I took this picture about a week after fires ravaged the town of Pateros, in central Washington, again at the center of Washington’s complex of fires.

(Click on the picture to see a larger photograph on a separate picture page.)

Has it been 20 years already, Machu Picchu?

Yes, Machu Picchu, with a llama munching on grass, is a complete photographic cliché. I do not care. I snapped this photograph in the very very early morning hours at this great Inca hill city in late August 1995. I hiked the Machu Picchu Trail to get here, passing six ruins. It was a highlight of my life, mainly because of the incredible mountain topography, the historic footprint of the now-gone Inca culture, and the fulfillment of a dream of mine to mix my passions for mountains, long-distance trekking, and archaeology-history. The negative for this photo was damaged by the developer, as I made a big mistake entrusting my film to a shop in Santiago. But with a little Adobe magic, it turned out OK.

When I arrived at Machu Picchu, it was smoked out from fires on the Amazon basin, where farmers and cattle owners were burning land. I had camped out at Intipunku (Sun Gate), which looks down on the ruins from a nearby pass. That was not, ahem, entirely allowable, but I practiced low-impact camping and had zero impact. And I know my footprint was radically less than the organized tours, some of whom were leaving trash at camp sites. I am now glad the trail is more regulated. There simply is no other way with such a globally popular destination.

(Click on the photo to see a larger picture on a separate picture page.)

Washington Park Cemetery, the forgotten burial place

In the completely overlooked and unknown north St. Louis County community of Berkeley, Missouri, lies an overgrown, forgotten, and largely abandoned cemetery. Washington Park Cemetery was founded in the 1920s as a burial place for the St. Louis area’s black residents. It lies just off Natural Bridge Road, about 1.5 miles from Lambert International Airport.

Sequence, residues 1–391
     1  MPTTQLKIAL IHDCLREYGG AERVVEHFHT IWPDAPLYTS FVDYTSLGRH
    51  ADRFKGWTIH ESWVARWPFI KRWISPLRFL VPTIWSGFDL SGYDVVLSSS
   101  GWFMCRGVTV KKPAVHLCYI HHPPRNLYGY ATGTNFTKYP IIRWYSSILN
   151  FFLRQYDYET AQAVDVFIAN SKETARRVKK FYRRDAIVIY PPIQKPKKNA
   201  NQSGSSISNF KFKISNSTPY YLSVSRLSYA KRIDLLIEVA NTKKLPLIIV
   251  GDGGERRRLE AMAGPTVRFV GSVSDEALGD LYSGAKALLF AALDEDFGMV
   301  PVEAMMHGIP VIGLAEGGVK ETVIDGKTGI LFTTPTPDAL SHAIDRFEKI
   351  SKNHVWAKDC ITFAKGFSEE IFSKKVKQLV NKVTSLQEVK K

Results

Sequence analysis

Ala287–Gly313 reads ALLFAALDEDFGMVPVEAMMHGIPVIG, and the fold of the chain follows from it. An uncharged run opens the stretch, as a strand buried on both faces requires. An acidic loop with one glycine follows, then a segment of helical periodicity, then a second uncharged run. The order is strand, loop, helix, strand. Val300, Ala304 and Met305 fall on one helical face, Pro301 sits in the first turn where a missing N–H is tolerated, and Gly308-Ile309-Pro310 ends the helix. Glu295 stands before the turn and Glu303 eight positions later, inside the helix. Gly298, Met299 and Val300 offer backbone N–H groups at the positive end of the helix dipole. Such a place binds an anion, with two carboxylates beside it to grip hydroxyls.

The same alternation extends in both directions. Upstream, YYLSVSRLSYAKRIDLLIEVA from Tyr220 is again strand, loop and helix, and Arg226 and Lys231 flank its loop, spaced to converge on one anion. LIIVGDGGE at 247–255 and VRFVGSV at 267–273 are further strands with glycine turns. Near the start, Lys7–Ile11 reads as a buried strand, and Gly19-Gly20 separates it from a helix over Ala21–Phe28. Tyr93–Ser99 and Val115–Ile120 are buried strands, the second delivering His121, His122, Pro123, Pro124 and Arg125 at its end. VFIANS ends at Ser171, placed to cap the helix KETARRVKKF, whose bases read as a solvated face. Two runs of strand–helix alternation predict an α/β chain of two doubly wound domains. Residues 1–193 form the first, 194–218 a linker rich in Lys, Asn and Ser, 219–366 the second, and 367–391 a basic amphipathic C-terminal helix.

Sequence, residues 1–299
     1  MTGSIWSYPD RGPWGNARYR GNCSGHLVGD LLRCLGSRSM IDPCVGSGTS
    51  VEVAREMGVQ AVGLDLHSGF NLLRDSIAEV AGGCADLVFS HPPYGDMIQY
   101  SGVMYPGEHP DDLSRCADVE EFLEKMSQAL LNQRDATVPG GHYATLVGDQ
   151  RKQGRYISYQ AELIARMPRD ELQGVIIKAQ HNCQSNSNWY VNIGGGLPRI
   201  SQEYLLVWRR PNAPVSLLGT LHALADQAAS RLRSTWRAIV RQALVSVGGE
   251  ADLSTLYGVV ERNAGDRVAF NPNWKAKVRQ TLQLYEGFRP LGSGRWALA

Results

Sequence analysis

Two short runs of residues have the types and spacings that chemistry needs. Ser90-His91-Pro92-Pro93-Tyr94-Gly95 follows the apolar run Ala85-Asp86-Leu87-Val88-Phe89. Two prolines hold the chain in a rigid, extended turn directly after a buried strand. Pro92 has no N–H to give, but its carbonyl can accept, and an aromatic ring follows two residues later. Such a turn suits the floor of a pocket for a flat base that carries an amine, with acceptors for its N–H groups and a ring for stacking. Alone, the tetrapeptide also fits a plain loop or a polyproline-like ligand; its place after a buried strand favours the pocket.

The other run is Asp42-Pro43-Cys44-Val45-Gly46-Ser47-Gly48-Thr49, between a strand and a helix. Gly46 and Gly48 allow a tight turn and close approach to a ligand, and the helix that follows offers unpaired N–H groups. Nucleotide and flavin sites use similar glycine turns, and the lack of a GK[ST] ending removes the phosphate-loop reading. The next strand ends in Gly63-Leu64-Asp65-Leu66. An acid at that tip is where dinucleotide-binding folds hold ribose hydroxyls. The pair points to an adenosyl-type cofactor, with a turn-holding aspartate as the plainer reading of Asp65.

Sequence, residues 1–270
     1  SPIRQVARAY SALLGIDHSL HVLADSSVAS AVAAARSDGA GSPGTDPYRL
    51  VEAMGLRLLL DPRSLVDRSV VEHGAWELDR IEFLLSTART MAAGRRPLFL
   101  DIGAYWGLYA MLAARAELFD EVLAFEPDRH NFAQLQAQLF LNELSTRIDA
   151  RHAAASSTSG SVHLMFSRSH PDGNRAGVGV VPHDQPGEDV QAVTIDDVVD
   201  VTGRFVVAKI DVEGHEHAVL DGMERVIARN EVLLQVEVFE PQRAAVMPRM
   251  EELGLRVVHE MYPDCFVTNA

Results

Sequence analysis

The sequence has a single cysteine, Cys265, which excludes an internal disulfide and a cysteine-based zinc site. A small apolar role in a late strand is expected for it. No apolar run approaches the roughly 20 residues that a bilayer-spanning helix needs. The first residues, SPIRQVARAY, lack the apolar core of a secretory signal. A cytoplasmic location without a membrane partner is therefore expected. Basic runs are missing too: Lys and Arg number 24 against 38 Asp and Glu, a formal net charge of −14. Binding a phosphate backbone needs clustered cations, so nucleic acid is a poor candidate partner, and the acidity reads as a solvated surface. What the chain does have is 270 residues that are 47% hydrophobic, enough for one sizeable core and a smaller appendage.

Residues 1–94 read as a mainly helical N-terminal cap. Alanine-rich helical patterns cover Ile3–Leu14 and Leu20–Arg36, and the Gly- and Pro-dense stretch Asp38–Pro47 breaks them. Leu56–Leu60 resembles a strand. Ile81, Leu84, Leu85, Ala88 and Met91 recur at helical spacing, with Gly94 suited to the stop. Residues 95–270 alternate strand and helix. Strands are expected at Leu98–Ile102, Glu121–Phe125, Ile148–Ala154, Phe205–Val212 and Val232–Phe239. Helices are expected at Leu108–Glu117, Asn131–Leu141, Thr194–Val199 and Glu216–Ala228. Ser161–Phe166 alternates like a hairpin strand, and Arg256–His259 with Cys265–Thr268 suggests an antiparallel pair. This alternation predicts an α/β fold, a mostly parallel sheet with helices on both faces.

Today, few if anyone knows about this place. It has been the subject of news stories throughout the years, mainly involving land use controversies that led to cemetery land and graves being removed to make way for an interstate and more recently in 1993 for the MetroLink light rail, which connects the urban center with the airport. Literally thousands of former bodies were removed to make way for major public infrastructure.

I knew about this battered resting place ever since I was a kid. I could see the graves literally right next to Interstate 70, and read stories in the 1990s about the light rail and airport expansion disputes. When I stayed in a hotel literally just across from this cemetery in July, I instantly knew what the place was, even though I found no signs. All I found were grave markers, names of African-American residents who were interned and the weeds, trees, and brush that were taking over the place. It reminded me of Jewish cemeteries I found in Poland, now abandoned since the tragedy of the Shoah in the 1940s.

Here are a few shots that I took wandering around on my last night before flying back to Portland. It was hot, humid, and eery. In the distance in one shot is the Renaissance Hotel, a luxury airport accommodation that looms over the cemetery. I doubt a single guest at that place ever wanders in the back to see the history that is now slowly being taken over by the Missouri bush.

(Click on each photograph to see a larger picture on a separate picture page.)

Hot, dry and scenic Wasco County, Oregon

I took a short trip in July to the Deschutes River, in north central Oregon. It’s a region defined by a great giver, beautiful rolling hills, ranches and farmland and remnants of Oregon’s more agricultural past. All of these photos were taken in Wasco County. Here is my tip. Never go biking in the late afternoon sun. Choose the morning.